I regularly hear comments like those in the image above when I tell people I’m a hospice director. Then the conversation stops - who wants to talk about death and dying at a dinner party?
No one, including me.
But hospices are about so much more than that. They’re about living and creating memories, and providing the best experience possible for patients and their families at the most difficult time of their lives.
This year’s Hospice Care Week, taking place from 9-15th October, is about celebrating hospice care, explaining its reality, and countering the misconceptions and fears so many people have. So this is my take, as a Sue Ryder hospice director, on the facts and fiction.
MYTH: A hospice is where people go to die, isn’t it?
REALITY: Yes, but the specialist end of life care provided by our seven Sue Ryder hospices is only part of the picture.
Before reaching the end of life stage of their illness, patients with life-limiting conditions need palliative care – that’s about stabilising symptoms and managing pain to make them as comfortable as possible. We’re really good at that too. Almost half of our patients, 46%, are discharged after receiving a stay of palliative care.
MYTH: It sounds like a depressing place...
REALITY: There’s a widespread assumption hospices are sad, morbid places. I challenge you to spend an hour in one of our hospices without hearing laughter.
At Sue Ryder, we talk about not being able to change the outcome but changing the journey. We want every patient’s journey to be the best it can be. We want them to have the choice to do what they want, whether it’s watching a film, eating a favourite meal or enjoying our gardens – patients at Duchess of Kent Hospice and here at Thorpe Hall can open their bedroom doors directly into the garden.
And we do what we can to make sure their loved ones are left with wonderful memories of their precious time with us.
MYTH: Hospice patients are lonely
REALITY: Some people think a hospice is a lonely place where patients are isolated from loved ones. This couldn’t be further from the truth.
Our hospices are open for visitors 24 hours a day – family, friends and pets are all welcome – we regularly have dogs, a horse has visited St John’s Hospice and the team at Nettlebed Hospice recently welcomed a tortoise!
For those patients who don’t have many visitors, there are volunteers who have time to talk, do arts and crafts, and help patients Skype far-flung families. There’s certainly no need for a patient to be lonely.
MYTH: 'Hospice' is another name for a care home or hospital
REALITY: Hospices frequently get mistaken for care homes and hospitals. We like to think we combine the best aspects of both.
We have consultants, doctors, nurses and nursing assistants to provide expert healthcare. But people’s emotional, psychological and spiritual wellbeing are just as important.
At our hospices we have family and bereavement support teams; chaplains; occupational therapists, physiotherapists and complementary therapists; and social workers. At Thorpe Hall we have a ‘Get Creative’ team providing activities for patients and families as part of our holistic care.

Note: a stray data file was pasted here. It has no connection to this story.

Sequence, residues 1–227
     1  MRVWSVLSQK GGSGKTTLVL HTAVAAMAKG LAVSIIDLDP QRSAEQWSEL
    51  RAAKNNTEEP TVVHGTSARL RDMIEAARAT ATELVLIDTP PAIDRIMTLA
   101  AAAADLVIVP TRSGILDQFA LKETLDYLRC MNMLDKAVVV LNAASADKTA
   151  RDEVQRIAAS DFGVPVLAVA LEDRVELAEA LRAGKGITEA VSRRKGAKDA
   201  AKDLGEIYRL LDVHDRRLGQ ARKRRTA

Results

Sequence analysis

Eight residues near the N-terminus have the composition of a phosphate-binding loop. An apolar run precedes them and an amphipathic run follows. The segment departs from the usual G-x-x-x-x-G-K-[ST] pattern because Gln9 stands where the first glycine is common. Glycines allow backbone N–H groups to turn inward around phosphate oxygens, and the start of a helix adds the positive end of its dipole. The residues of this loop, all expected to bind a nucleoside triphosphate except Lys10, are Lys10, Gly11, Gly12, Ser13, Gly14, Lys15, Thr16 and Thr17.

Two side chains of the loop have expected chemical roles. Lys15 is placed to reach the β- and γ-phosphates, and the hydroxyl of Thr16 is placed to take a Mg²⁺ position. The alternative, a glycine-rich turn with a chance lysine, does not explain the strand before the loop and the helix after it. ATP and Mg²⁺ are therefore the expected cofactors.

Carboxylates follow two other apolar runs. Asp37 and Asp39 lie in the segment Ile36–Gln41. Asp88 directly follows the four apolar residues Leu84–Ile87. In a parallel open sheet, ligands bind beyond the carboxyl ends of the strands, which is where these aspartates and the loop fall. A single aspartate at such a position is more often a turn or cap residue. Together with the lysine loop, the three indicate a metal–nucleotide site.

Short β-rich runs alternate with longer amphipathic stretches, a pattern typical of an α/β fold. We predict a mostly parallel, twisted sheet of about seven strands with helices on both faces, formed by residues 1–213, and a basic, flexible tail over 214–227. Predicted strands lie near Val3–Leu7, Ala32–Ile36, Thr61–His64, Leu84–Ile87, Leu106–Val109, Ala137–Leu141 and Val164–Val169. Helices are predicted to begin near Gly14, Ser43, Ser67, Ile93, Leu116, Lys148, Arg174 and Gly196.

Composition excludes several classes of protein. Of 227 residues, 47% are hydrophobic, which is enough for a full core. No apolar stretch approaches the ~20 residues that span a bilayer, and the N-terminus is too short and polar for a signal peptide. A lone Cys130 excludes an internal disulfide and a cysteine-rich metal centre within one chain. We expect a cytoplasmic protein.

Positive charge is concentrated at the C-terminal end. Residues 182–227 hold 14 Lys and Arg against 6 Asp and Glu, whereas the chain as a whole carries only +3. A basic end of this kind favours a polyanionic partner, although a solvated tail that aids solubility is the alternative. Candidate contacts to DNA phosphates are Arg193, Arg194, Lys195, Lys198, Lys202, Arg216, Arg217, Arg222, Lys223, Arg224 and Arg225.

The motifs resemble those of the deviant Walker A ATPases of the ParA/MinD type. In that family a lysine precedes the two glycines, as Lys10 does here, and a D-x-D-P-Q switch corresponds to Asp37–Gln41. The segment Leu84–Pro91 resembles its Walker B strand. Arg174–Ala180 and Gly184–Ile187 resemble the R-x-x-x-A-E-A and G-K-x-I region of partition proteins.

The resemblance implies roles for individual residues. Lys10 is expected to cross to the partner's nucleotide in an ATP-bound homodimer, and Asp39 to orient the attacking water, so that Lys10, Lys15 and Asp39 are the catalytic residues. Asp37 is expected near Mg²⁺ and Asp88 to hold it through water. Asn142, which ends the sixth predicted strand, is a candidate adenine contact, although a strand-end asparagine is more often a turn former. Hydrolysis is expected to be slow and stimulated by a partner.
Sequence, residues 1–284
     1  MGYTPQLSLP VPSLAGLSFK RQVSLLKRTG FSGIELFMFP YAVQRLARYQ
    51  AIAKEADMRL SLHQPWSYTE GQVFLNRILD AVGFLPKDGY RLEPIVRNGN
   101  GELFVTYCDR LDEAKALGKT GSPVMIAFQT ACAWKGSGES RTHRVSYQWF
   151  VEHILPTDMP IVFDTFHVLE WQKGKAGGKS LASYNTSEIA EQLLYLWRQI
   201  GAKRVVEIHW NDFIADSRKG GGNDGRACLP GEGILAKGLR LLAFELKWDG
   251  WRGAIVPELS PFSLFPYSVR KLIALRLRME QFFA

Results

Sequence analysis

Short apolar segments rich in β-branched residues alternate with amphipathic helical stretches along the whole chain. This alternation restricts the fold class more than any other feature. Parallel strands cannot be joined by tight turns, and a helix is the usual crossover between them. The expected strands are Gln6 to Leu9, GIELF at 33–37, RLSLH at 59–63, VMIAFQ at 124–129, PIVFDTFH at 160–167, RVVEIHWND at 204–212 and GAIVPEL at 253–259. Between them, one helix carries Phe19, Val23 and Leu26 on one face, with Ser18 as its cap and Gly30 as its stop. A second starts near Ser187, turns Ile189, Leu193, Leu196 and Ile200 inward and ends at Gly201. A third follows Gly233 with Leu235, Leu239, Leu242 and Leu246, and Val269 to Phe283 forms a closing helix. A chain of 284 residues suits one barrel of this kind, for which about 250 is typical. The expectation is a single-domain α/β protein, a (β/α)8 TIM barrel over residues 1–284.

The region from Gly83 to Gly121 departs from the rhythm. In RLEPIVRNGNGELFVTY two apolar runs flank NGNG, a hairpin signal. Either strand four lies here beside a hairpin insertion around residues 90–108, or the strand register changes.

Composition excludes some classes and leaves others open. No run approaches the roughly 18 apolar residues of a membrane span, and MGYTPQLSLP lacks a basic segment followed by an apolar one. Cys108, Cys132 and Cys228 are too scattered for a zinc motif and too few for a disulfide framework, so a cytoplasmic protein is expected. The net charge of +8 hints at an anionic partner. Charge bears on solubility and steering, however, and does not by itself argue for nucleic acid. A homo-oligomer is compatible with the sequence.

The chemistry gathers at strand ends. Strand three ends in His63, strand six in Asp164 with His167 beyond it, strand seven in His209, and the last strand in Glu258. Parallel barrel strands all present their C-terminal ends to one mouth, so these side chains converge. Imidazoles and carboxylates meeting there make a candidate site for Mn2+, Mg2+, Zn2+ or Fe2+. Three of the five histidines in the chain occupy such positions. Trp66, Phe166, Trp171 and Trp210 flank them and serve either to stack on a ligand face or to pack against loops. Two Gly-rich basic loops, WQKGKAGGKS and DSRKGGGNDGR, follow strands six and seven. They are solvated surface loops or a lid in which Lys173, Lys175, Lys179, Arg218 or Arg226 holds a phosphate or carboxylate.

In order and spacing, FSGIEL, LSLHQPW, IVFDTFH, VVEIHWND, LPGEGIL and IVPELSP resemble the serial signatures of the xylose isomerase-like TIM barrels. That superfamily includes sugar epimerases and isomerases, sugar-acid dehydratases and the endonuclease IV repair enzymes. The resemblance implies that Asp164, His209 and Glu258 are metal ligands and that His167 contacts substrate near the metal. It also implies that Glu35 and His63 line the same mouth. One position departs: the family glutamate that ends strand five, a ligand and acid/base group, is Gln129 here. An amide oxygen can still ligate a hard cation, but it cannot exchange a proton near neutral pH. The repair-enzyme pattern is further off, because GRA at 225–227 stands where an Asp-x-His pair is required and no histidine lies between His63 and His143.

MYTH: Hospices only care for people who are dying
REALITY: Our care and support doesn’t end when a patient passes away. The death of a loved one can devastate individuals and families. We’re here to provide the support they need for as long as it’s helpful.
Trained bereavement teams offer one-to-one counselling, support groups and even activity groups joining together bereaved people with shared interests. At St John’s Hospice, for example, our Carers’ Group introduces carers to each other over tea and cake.
MYTH: Hospices are where you go when you have cancer
REALITY:We’re often mistaken for a cancer charity and the majority of our patients do have the disease – around 86%.
But it’s worth knowing that we care for people with more life-limiting conditions than any other UK charity.
MYTH:You can’t stay at home and receive hospice care
REALITY: Oh yes, you can. Thanks to our network of Hospice at Home teams, the care Sue Ryder is so proud of can be delivered to you if you choose to stay at home.
Some hospices, including Wheatfields and Manorlands, have community nurse specialists providing home visits seven days a week, and Sue Ryder volunteers offer ‘good neighbour’ help to people in their own homes through our befriending services.The day service at Leckhampton Court Hospice offers practical care and emotional support tailored to each person.
MYTH: Sue Ryder is funded by the NHS
REALITY: We are a charity; we’re not part of the NHS and we have to fundraise the money we need to provide our services which are, overwhelmingly, free of charge to patients and their families.
It costs around £42.5m to run our services each year, providing 2.7 million hours of care. Statutory funding covers £27.8m of that, leaving us with £14.7m to raise by working with donors and supporters like you.
MYTH: It must be horrible working in a hospice
REALITY: All of us at Sue Ryder are immensely proud not only of what we do but of what hospice care is, and consider it a privilege to be here for people at the most difficult time of their lives.
If you’d like to know more about hospice care or to visit one of our hospices to see for yourself, just let us know.
What are your perceptions of a hospice? Have these been altered by experience?
Please feel free to join the conversation and comment below.